Carbon dioxide emissions are on track to rise in 2018 for the second straight year following a plateau in 2014-2016, according to the International Energy Agency.

Why it matters: IEA's finding arrived as a United Nations science panel unveiled a major report concluding that large emissions cuts are needed in coming years to hold global warming to 1.5 degrees Celsius above preindustrial levels.

A tweet previously embedded here has been deleted or was tweeted from an account that has been suspended or deleted.

By the numbers: According to the UN's analysis, staying within the 1.5°C target — a benchmark for avoiding far more severe consequences than are already occurring — means human-induced CO2 emissions must fall by 45% by 2030 and reach "net zero" by mid-century.

  • The 45% cut is relative to 2010 levels, which in effect means even deeper reductions are needed.

The big picture: Separate analyses in recent months have shown that energy-related CO2 emissions — that is, the vast majority of global CO2 — ticked up again in 2017 after a multi-year plateau.

IEA's new 2018 projection underscores how the global energy system is far, far off track from the gigantic and rapid transformation that the UN's deeply researched analysis calls needed to stay within the 1.5°C target.

  • "The world is not moving towards Paris Agreement goals requiring emissions to peak as soon as possible, but away from them," IEA Executive Director Fatih Birol said via Twitter.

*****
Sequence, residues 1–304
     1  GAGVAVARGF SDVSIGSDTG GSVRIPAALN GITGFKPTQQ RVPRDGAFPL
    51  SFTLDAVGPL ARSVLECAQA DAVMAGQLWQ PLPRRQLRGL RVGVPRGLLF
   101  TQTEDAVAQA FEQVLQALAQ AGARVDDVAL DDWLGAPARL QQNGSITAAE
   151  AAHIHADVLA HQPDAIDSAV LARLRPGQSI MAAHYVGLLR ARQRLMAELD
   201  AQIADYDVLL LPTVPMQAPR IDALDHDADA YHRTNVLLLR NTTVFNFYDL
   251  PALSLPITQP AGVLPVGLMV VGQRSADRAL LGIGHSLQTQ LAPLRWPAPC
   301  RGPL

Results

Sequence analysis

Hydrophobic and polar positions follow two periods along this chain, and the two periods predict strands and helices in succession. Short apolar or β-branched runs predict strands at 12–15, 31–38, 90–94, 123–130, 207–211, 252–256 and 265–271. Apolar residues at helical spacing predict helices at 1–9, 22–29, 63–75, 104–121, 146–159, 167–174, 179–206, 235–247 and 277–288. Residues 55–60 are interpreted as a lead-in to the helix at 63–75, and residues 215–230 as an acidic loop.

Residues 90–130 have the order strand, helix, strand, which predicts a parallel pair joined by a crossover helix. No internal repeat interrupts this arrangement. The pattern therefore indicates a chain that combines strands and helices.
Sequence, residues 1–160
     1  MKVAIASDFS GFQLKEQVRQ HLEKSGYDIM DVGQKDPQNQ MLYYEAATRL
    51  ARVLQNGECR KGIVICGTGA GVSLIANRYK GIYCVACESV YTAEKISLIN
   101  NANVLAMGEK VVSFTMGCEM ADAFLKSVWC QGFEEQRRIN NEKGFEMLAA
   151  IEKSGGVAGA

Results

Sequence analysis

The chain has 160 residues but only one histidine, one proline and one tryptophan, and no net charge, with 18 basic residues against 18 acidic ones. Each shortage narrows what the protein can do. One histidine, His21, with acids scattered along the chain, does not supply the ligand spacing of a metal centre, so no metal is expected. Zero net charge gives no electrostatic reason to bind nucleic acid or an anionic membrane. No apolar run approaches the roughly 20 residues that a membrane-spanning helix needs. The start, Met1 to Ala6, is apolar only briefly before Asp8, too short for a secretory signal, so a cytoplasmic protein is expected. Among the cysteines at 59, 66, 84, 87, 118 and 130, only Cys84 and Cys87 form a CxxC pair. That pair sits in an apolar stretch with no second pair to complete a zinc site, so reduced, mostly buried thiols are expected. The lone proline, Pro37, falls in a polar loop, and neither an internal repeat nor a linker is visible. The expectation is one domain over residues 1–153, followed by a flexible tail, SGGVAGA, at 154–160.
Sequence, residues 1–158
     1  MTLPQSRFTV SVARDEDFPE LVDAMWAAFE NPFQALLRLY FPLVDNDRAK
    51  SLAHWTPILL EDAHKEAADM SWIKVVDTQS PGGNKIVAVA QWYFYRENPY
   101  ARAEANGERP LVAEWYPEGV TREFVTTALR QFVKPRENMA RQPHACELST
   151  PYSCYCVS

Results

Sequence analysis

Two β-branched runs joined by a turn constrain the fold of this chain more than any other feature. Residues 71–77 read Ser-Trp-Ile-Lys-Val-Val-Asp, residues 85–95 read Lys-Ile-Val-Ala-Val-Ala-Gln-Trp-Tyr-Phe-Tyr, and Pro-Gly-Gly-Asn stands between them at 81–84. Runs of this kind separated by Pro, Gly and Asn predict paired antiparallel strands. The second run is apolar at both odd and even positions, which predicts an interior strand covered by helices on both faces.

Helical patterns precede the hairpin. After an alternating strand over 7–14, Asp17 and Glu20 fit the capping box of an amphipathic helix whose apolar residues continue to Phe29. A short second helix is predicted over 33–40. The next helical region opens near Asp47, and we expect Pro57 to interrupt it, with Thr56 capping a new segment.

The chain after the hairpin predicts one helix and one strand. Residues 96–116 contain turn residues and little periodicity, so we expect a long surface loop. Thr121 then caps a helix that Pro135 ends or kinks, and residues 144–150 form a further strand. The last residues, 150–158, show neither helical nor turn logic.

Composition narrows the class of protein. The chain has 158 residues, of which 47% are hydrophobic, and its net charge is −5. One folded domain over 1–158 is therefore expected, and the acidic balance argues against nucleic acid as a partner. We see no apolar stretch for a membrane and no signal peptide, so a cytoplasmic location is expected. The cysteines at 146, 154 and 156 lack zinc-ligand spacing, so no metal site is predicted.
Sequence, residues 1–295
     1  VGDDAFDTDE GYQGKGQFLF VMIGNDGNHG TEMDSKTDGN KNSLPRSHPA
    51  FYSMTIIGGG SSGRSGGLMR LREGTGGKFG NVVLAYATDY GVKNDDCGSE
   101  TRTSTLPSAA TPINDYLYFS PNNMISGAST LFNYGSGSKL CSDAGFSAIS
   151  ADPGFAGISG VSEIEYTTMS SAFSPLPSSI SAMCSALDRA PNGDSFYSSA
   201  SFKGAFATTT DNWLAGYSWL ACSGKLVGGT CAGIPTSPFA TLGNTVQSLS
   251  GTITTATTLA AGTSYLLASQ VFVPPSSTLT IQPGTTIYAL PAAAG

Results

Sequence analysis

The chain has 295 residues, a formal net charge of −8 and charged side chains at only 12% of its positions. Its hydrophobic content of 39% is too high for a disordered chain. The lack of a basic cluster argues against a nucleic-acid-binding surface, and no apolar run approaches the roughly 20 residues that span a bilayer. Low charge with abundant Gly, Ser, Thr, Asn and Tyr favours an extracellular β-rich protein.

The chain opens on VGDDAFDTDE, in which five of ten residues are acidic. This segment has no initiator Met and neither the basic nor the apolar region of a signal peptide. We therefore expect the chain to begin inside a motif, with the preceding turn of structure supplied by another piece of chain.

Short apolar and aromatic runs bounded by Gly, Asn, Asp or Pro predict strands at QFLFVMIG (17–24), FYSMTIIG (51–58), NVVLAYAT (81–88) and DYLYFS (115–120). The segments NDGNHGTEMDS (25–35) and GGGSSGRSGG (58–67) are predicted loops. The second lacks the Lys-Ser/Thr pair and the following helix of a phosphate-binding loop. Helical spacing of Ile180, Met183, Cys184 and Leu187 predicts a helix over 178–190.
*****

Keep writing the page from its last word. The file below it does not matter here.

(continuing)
The bottom line: As Axios' Andrew Freedman wrote, global warming will have far more severe consequences if temperatures are allowed to creep past 1.5°C, or 2.7°F, of warming, scientists concluded in the UN analysis.

They noted that there are already deadly impacts from the 1°C, or 1.8°F, of warming so far — including more severe and longer lasting heat waves, more heavy precipitation events, and ocean warming that is killing many of the planet's coral reefs.

Go deeper:

Go deeper

Ben Geman, author of Generate
14 mins ago - Energy & Environment

The road to COP26 gets slightly easier

Illustration: Annelise Capossela/Axios

The bad diplomatic vibes heading into the critical United Nations climate summit in Glasgow, Scotland, might be improving slightly.

Catch up fast: Chinese President Xi Jinping yesterday pledged to end overseas finance for building new coal-fired power plants and boost support for clean energy in developing nations.

Narrowing the employee divide

Illustration: Shoshana Gordon/Axios

Companies are narrowing the blue- and white-collar experience as they're forced to adapt to a worker-led market.

Driving the news: Basic office tools and concepts like corporate communications and schedule flexibility are migrating to frontline operations through investments in technology.

2 hours ago - Health

U.S. to buy 500 million more Pfizer doses to share with the world

A nurse fills a syringe with a dose of the Pfizer-BioNTech COVID-19 vaccine. Photo: Ben Hasty/MediaNews Group/Reading Eagle via Getty Images

The Biden administration is planning to purchase 500 million more Pfizer-BioNTech coronavirus vaccine doses to donate to the world, officials said in an op-ed Wednesday.

Why it matters: The move represents a big step toward making the U.S. a major global vaccine supplier just as China has ramped up exports of its Sinopharm, Sinovac and CanSino vaccines, which can be stored at normal refrigerator temperatures.